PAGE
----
For Immediate Release, June 27, 2019
Collette Adkins, Center for Biological Diversity, (651) 955-3821, email@example.com
Lawsuit Filed to Force Trump Administration to Expand, Update Plan for Grizzly Bear Recovery
MISSOULA, Mont.— The Center for Biological Diversity filed a lawsuit today challenging the Trump administration’s failure to update the federal recovery plan for grizzly bears. An updated plan should reflect current science and consider additional areas where grizzlies once lived and can now be reintroduced.
Scientists have identified numerous such areas, including California’s Sierra Nevada, the southern Rockies and the Grand Canyon and surrounding areas in Arizona.
“The recovery plan for grizzly bears is more than 25 years old, doesn’t reflect current science and is unambitious,” said Collette Adkins, carnivore conservation director at the Center. “Grizzlies now live in just a small fraction of the lands they once roamed, but there’s great habitat in the West where these magnificent animals could once again survive.”
Instead of recovering grizzly bears in more areas of their historic range, the Trump administration has attempted to halt grizzly bear recovery. Under its leadership the U.S. Fish and Wildlife Service approved a 2017 decision to strip federal protection from Yellowstone grizzlies, but that wrongheaded decision was overturned by a judge in September 2018.
Before the Trump presidency the Fish and Wildlife Service actually acknowledged the need for a new recovery plan. In a 2011 grizzly bear status review, the agency concluded that the 1993 plan no longer reflected best available science and needed to be updated to consider additional recovery areas.
Today’s lawsuit asks the court for an order providing deadlines for the Service to update the plan and evaluate the need to pursue grizzly bear recovery in additional areas where suitable habitat exists.
The suit also seeks an updated status review for grizzly bears, which the Endangered Species Act requires the Service to prepare every five years. The Service has not done an evaluation of the bears’ status since 2011.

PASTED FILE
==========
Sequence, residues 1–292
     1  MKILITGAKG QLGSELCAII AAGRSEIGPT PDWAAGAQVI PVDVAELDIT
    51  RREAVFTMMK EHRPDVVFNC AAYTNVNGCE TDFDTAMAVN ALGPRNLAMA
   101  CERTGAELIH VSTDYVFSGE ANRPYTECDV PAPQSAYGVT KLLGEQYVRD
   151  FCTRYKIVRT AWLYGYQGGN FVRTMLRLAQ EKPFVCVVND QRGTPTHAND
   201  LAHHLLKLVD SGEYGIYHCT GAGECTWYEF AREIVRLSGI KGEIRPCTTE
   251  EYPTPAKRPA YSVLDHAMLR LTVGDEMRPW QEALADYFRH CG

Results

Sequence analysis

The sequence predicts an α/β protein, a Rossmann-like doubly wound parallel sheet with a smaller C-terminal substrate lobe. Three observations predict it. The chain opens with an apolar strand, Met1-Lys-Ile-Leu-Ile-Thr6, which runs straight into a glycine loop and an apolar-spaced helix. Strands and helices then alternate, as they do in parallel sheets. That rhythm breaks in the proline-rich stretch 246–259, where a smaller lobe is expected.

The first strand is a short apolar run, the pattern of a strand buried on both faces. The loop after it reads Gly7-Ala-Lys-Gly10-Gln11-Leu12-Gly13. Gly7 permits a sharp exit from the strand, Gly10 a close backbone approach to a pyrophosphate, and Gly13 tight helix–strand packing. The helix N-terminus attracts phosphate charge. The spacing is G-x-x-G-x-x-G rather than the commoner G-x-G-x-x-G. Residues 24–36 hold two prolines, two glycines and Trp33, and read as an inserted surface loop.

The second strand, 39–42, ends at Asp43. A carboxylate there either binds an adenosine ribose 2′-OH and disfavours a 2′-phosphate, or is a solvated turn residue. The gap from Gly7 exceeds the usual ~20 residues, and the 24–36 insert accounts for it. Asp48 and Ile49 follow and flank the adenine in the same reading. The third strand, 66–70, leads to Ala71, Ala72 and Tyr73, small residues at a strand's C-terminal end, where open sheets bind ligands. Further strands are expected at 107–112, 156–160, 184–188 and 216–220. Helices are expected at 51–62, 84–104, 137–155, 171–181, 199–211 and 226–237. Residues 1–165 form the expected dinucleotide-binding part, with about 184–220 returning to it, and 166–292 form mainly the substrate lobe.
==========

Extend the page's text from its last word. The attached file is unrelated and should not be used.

“We’re hoping this lawsuit will push the agency to finally follow the law and do more for grizzly bears,” said Adkins. “The bears have made progress in and around Yellowstone and Glacier national parks, but we need a plan for their recovery in more places.”
Today’s filing follows a 2014 petition by the Center that identified 110,000 square miles of potential grizzly habitat in the lower 48 states. Returning bears to some of these areas is a crucial step toward recovering them under the Endangered Species Act and could potentially triple the grizzly bear population in the lower 48, from fewer than 2,000 today to as many as 6,000 in the future.
Likely more than 50,000 grizzly bears once ranged throughout most of western North America, from the high Arctic to the Sierra Madre Occidental of Mexico and from the coast of California across most of the Great Plains. Within 200 years of European settlement, wanton slaughter had reduced populations to perhaps several hundred bears, mostly found in Yellowstone National Park.
Outside the Yellowstone and Northern Continental Divide populations, very little progress has been made in recovering grizzlies. Remnant populations survive in less than five percent of the bears’ historic range, while large swaths of unoccupied, potentially suitable habitat have been identified by researchers.
Today fewer than 2,000 grizzly bears remain in the lower 48 states. There are about 700 bears in the isolated Greater Yellowstone ecosystem; 1,000 in the Northern Continental Divide ecosystem; 75 to 80 in the Selkirk ecosystem of Washington and Idaho; 55 to 60 in the Cabinet-Yaak ecosystem of Montana and Idaho; and likely no bears in Washington’s North Cascades.
The Center for Biological Diversity is a national, nonprofit conservation organization with more than 1.4 million members and online activists dedicated to the protection of endangered species and wild places.